Between December 2 and December 17, 2021, invitations to participate in the study were sent to 25,800 French adults, randomly selected from an digital panel of more than 700,000 respondents (provided by Bilendi [22]). The self-administered web-based questionnaires, lasting approximately 15 minutes, were completed during this period. Participants received remuneration in the form of points for completing these surveys. Ultimately, participants could exchange the accumulated points for gift cards, further acknowledging their invaluable contributions to the survey. We then used the quota sampling method to finally obtain a study sample of 2022 respondents matching the French mainland adult population in terms of age (18-24, 25-34, 35-49 50-64, 75+ years), sex (male and female), occupation (farmers, craftsmen, executives, intermediate professions, employees, workers, retirees, and other inactives), population size of the area of residence (<2000, 2000-20,000, 20,000-100,000, and >100,000 inhabitants), and region (Alsace, Aquitaine, Auvergne, Burgundy, Brittany, Center, Île-de-France, Languedoc, Nord-Pas-de-Calais, Normandy, Pays de la Loire, and Provence-Alpes-Côte d’Azur). A weighting procedure was applied to further match the sample to these characteristics when the quota was not perfectly met. To do so, we used the raking ratio method using the SAS Calmar macro developed in France by the National Institute of Statistics and Economic Studies.

Data Collected and Outcome

After the participants’ consent was obtained, we collected information on respondents’ sociodemographic characteristics such as age, sex, educational attainment, and income, as well as their attitudes and practices on a number of issues including vaccination, politics, alternative medicine, and trust in various institutions. Our main outcome is the attitude of the French adult population toward vaccines, using a widely recognized typology for assessing attitudes toward vaccines in France [23,24]. We made a typology in 3 categories based on the answers to 5 questions with the same format, asking whether the responders were in favor of (1) vaccines in general, (2) the flu vaccine, (3) the hepatitis B virus (HBV) vaccine, (4) the human papillomavirus (HPV) vaccine, and (5) the measles vaccine. The categories were built as follows:

  • Category 1 (nonhesitant): All respondents who answered favorably to all 5 questions (ie, individuals who are favorable for vaccines in general and 100% accepting all types of vaccines).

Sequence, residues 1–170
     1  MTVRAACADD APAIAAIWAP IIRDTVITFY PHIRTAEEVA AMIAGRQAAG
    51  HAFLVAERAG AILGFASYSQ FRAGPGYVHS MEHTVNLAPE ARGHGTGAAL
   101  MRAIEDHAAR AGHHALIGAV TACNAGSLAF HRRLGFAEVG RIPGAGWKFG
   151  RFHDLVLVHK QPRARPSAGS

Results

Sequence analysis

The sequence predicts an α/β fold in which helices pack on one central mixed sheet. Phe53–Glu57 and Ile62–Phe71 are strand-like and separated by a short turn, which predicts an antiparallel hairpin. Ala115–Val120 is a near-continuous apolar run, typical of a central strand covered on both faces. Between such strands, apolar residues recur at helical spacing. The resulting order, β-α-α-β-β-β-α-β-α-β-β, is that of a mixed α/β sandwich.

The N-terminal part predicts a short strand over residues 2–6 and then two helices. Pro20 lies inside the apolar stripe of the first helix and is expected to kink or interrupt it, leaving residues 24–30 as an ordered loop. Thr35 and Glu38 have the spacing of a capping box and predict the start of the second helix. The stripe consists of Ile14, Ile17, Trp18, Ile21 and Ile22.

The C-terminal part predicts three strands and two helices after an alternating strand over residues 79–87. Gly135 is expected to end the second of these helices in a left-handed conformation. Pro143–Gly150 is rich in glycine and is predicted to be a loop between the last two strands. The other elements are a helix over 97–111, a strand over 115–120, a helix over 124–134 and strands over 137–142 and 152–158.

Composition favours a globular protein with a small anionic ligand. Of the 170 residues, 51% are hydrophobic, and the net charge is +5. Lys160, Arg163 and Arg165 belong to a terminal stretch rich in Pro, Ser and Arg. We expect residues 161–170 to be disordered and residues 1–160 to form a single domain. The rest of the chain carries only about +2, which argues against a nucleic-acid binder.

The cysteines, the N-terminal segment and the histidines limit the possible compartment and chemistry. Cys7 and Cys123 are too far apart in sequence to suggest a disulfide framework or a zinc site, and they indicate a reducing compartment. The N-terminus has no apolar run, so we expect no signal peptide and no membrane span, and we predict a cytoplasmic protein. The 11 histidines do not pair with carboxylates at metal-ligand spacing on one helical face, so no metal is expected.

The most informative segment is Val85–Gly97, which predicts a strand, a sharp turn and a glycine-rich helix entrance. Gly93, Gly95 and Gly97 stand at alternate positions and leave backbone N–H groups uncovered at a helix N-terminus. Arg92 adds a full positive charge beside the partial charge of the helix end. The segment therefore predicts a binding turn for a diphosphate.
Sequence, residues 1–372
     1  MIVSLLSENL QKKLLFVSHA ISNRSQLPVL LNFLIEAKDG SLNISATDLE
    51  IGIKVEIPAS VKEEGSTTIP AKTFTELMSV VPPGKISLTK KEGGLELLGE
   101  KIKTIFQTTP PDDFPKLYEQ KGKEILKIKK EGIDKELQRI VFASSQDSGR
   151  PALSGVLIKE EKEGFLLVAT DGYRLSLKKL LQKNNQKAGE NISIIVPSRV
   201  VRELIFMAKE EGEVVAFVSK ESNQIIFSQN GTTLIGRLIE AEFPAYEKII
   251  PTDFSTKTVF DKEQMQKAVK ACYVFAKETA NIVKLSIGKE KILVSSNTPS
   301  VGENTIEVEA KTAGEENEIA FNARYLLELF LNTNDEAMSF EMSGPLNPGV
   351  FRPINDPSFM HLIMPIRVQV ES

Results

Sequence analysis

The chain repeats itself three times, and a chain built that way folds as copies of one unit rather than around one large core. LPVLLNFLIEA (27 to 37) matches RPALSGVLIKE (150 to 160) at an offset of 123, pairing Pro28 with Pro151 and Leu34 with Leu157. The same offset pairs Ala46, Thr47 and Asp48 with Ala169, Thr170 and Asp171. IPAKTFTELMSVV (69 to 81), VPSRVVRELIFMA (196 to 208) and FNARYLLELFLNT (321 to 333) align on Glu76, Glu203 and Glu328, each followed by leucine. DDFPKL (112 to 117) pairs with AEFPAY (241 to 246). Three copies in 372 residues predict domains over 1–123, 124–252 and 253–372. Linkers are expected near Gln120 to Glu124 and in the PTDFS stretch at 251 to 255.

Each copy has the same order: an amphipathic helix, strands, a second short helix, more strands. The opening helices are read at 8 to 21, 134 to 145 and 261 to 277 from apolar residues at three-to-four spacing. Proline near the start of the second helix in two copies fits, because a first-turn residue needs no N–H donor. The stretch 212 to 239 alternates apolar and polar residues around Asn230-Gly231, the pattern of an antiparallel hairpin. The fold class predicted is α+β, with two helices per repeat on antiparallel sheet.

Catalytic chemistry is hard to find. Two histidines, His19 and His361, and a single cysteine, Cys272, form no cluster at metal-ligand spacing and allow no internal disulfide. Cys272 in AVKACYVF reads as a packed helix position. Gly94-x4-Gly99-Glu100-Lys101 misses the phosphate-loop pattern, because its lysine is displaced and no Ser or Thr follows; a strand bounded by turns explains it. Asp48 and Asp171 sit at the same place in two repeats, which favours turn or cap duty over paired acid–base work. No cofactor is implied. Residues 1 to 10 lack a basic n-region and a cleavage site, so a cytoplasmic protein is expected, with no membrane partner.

• Category 2 (provaccine but selectively hesitant): All respondents who answered “favorable” to the question on vaccines in general but who answered “unfavorable” or “I do not know” to at least 1 of the 4 questions on specific vaccines. These represent the people who are favorable to vaccines in general but have doubts or reservations about specific vaccines.
  • Category 3 (distrustful of vaccines in general): All respondents who answered “unfavorable” to vaccines in general.

Assessment of Health Literacy Level and Health Care System Confidence Level

We calculated 2 scores: a health literacy score (HLS19-Q12) and a confidence score. The health literacy score was based on a series of 12 questions with a 4-point Likert scale on the ability of each participant to understand, evaluate, and make health decisions in their everyday life using a 48-point score (Multimedia Appendix 1). A score between 4 and 48 was obtained summing the 12 responses, with a higher score indicating a higher health literacy level. We divided the population into quartiles for the analysis: “very high” for a score >36, “high” for a score between 32 and 36, “low” for a score between 26 and 31, and “very low” for a score <26. The health care system confidence score was based on a series of 5 questions about the confidence in science, government agencies that monitor health and environmental risks, government, physicians, and drug manufacturers using a 20-point score with a 4-point scale (Multimedia Appendix 2). A higher score indicates a higher confidence level. The confidence levels score was categorized as follows based on a quartile division: “confident” for a score ≥19, “somewhat confident” for a score between 17 and 19, “somewhat not confident” for a score between 13 and 16, and “not confident” for a score <13. To estimate the internal validity of our scores, we calculated the Cronbach coefficient, in which a result of >0.9 for the health literacy score and the confidence score was considered as a strong internal validity criterion.